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Ajax

"He howls, he roars, he weeps"

Audrey review: The spectacle of a traumatised soldier stripped of all residual courage and honour is hard to watch and rightly so.

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Show: Ajax
Company: Burning House
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Ajax

Date: 25 Apr 2019

A society that is no stranger to war can be, unavoidably, no stranger to the mental and emotional trauma it brings.

As it is for Australia now, so it was for Greece in the 5th century BCE.

In Sophocles’ telling of the tale, the warrior Ajax – encouraged by the goddess Athena – embarks on a bloody rampage through the army’s cattle herds after the armour of the dead Achilles is awarded to Odysseus.

When Ajax eventually comes to his senses, he is overwhelmed by shame.

Deaf to the pleas of his concubine Tecmessa, mother of his child Euysakis, Ajax takes his own life.

In this very condensed, partly bi-lingual (English and Arabic) telling of the story written and directed by Robert Johnson, Ajax (played here by Seton Pollock) is a modern day Australian soldier in the Middle East.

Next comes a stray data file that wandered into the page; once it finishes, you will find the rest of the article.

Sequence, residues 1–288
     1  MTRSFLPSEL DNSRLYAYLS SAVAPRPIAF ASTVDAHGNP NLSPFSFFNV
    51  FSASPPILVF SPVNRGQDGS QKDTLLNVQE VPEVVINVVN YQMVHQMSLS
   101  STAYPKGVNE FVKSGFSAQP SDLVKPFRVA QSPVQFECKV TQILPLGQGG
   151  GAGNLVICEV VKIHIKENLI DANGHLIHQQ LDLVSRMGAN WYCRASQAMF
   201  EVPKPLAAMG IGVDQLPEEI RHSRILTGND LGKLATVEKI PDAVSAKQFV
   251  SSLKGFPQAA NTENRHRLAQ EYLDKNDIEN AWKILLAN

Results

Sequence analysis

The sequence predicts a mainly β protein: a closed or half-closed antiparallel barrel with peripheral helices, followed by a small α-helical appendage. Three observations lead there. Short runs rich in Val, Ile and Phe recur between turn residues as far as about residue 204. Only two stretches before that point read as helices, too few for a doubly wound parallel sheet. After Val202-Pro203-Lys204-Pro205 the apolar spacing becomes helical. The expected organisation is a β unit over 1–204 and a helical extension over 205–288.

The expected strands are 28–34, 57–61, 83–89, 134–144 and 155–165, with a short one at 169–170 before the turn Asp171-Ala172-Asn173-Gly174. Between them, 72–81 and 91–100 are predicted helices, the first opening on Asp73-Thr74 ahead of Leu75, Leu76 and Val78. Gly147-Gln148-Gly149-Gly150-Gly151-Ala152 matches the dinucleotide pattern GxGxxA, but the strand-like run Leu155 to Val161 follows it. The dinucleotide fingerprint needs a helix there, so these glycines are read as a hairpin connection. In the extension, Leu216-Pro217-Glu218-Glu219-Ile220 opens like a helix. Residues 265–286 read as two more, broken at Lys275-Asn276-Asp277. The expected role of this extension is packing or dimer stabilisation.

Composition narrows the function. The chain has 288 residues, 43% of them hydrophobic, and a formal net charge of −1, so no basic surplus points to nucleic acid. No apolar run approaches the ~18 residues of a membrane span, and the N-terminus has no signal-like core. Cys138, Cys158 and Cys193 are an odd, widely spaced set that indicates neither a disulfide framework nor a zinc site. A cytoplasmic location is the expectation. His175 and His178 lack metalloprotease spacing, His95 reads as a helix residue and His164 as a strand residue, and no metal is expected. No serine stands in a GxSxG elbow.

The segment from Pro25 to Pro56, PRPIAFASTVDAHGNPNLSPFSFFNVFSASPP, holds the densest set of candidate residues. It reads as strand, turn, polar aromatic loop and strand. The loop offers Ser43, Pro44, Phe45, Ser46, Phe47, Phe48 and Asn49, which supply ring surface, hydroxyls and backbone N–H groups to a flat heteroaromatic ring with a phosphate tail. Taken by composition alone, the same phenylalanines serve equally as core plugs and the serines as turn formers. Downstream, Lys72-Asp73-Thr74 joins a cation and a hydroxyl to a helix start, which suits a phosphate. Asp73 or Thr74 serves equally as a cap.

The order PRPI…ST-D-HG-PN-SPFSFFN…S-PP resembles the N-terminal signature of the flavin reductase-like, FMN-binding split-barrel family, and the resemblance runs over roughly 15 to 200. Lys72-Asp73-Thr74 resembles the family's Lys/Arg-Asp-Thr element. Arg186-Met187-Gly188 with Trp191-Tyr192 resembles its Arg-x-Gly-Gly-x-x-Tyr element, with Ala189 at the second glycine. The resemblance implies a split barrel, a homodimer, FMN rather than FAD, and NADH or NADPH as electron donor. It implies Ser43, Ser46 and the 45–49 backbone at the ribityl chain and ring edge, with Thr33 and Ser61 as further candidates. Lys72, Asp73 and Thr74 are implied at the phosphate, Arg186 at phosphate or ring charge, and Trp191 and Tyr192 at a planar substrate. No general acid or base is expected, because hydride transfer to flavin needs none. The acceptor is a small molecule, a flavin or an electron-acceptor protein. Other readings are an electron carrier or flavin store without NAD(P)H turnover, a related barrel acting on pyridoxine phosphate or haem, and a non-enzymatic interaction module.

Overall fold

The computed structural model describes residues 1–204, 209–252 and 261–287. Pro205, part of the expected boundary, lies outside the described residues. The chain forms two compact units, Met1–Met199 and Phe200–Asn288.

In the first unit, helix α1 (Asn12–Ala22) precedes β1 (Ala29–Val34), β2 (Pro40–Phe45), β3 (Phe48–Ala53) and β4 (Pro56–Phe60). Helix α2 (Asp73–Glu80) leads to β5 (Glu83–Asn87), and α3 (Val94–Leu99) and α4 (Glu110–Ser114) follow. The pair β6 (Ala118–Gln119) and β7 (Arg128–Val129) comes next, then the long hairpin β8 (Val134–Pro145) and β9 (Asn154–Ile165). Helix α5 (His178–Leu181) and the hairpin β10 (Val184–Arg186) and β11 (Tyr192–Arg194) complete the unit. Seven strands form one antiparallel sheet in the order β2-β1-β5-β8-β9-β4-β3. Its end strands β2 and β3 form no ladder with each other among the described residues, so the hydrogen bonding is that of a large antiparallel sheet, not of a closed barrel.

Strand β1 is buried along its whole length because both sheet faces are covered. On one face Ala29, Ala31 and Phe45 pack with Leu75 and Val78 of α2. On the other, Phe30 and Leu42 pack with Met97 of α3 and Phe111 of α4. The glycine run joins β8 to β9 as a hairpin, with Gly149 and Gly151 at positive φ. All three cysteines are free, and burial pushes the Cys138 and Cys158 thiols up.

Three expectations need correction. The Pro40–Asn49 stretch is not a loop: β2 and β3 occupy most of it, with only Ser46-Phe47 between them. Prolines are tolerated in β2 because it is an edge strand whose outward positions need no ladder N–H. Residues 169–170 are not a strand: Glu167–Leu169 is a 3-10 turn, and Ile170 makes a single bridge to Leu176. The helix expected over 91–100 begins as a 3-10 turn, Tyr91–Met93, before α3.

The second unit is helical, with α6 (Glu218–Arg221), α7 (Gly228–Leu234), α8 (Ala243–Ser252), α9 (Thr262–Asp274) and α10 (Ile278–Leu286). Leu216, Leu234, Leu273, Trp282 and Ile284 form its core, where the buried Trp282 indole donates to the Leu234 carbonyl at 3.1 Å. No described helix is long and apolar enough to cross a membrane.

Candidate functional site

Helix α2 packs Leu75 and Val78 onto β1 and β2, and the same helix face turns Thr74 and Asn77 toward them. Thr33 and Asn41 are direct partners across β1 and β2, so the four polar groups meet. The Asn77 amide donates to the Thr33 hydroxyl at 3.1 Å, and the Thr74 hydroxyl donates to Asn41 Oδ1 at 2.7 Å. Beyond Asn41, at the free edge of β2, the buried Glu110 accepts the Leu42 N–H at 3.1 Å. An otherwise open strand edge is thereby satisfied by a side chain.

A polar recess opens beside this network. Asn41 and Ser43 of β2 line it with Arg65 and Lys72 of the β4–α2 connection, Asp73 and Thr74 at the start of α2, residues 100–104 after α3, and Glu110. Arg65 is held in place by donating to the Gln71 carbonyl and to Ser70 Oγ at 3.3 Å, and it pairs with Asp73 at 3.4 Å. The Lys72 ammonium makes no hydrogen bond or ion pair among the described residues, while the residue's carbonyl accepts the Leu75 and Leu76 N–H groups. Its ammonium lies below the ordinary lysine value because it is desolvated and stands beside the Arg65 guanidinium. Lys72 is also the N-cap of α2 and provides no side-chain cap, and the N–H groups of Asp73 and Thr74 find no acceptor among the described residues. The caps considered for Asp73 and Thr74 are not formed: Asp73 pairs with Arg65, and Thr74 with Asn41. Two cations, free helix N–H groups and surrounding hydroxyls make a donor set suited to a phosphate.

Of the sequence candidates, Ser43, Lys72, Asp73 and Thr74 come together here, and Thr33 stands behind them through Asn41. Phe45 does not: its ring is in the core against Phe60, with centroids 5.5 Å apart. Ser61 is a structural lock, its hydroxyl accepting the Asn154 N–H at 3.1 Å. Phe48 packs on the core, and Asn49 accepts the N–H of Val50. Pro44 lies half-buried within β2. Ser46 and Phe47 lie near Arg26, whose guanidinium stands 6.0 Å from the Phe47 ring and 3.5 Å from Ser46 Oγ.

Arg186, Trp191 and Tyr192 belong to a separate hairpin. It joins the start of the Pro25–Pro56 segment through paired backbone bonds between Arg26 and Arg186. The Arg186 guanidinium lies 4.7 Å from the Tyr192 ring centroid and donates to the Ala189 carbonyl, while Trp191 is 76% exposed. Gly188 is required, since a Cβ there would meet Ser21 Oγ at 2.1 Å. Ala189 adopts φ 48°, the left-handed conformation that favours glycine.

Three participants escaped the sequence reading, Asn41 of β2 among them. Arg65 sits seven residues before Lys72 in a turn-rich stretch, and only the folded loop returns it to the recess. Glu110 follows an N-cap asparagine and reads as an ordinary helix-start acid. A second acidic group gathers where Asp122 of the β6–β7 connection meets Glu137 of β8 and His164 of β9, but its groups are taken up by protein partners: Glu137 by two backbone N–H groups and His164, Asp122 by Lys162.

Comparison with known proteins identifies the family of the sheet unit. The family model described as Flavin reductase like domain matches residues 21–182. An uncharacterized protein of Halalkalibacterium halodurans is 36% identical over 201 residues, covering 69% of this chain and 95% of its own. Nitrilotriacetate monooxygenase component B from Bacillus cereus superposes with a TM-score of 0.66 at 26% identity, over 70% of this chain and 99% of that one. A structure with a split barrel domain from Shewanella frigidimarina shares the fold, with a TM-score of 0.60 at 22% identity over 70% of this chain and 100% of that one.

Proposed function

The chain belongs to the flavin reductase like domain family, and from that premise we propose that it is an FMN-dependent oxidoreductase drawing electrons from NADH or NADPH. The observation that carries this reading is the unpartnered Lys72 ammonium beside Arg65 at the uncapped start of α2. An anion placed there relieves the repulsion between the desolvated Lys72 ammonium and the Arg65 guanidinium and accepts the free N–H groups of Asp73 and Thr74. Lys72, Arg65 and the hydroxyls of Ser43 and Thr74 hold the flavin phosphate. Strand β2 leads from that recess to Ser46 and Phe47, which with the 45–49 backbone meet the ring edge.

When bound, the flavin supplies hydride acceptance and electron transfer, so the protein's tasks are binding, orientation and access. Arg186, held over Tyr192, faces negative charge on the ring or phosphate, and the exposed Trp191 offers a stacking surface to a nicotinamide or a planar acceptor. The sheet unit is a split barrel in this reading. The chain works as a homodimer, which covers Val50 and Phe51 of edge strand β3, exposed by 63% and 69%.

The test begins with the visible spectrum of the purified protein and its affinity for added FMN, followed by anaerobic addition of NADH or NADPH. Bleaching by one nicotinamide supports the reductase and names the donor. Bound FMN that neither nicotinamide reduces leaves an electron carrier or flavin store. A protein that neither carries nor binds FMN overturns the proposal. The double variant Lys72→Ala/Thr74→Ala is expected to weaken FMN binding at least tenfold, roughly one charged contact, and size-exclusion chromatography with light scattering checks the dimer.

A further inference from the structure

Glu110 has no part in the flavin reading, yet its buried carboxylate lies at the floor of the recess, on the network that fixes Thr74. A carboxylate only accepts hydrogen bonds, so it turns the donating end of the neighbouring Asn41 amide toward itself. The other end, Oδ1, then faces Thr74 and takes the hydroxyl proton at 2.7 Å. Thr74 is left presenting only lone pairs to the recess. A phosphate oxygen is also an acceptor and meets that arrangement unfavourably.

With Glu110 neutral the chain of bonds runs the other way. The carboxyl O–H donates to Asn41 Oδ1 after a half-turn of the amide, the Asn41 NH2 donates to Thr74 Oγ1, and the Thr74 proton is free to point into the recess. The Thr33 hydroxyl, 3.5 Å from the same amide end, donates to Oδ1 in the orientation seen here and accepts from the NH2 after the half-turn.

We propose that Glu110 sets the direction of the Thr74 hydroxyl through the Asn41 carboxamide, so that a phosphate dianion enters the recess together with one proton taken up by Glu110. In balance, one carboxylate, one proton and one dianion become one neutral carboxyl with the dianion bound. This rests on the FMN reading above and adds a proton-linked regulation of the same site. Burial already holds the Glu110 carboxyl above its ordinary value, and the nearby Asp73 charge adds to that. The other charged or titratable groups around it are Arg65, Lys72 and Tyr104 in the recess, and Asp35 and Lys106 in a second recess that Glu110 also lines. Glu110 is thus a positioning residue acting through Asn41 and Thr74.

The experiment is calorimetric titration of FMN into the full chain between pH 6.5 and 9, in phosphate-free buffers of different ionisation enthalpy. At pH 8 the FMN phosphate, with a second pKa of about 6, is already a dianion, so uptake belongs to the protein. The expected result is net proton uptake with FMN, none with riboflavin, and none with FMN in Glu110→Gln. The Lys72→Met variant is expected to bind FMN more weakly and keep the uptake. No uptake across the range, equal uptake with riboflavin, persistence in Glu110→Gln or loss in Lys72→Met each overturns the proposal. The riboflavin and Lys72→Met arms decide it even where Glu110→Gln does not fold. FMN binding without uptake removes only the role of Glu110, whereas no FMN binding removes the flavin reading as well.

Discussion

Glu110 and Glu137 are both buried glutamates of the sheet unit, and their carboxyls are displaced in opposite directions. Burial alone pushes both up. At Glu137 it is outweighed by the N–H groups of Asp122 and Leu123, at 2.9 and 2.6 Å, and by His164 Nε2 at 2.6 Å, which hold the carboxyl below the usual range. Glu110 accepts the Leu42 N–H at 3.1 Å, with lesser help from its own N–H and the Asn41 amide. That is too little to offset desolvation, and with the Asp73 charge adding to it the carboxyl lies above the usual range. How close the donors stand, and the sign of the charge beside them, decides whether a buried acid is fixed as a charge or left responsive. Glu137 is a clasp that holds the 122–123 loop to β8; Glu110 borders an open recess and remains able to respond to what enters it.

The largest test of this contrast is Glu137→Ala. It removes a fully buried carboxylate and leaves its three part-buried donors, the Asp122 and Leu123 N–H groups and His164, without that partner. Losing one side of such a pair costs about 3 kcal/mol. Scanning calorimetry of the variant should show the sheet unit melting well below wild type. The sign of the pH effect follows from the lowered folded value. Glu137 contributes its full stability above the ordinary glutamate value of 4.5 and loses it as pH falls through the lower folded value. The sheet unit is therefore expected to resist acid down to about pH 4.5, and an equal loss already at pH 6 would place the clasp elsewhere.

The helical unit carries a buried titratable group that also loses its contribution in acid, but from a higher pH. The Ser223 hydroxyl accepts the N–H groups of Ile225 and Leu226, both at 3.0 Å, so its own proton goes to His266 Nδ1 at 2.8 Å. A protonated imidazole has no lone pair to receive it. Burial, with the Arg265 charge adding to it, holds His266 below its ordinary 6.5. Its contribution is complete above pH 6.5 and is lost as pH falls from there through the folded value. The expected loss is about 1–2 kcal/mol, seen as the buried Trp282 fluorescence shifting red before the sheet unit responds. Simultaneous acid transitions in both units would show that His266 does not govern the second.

As in the original, which took place in the latter years of the Trojan Wars, he is mired in a long and confusing campaign whose end point has been lost. We encounter him drenched in blood at the moment he plunges into suicidal despair.

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This nakedly staged 55-minute Burning House production presents us with a spectacle of mental torment, one that is at times quite difficult to watch.

Drenched in gore, the hulking Seton holds nothing back. He howls, he roars, he weeps. He displays the entrails of the beasts he has slaughtered. He grovels in the imaginary dirt.

His Ajax is convincingly a danger to himself and others, never more so than when he takes his young daughter (Leikny Middleton) into his bloody arms. His raging against the attempted ministrations of Tecmessa (Michelle Robertson) is no less charged.

By way of contrast, Chad O’Brien’s squared away Odysseus seems a beacon of order and stability – at least for a while.

Ajax’s death scene, one in which this traumatised man is stripped of all residual courage and honour, keeps us in an appalled grip as he repeatedly applies a pistol to his head, mouth and chest.

Johnson’s production is very simple. Lighting is basic yet effective but the sound design – a racket of wailing sirens, jet turbines and helicopter rotors – tends to overwhelm voices and the re-use of the same loop is obvious.

Ajax should be a tough watch and hard to listen to, but it shouldn’t be difficult to hear.

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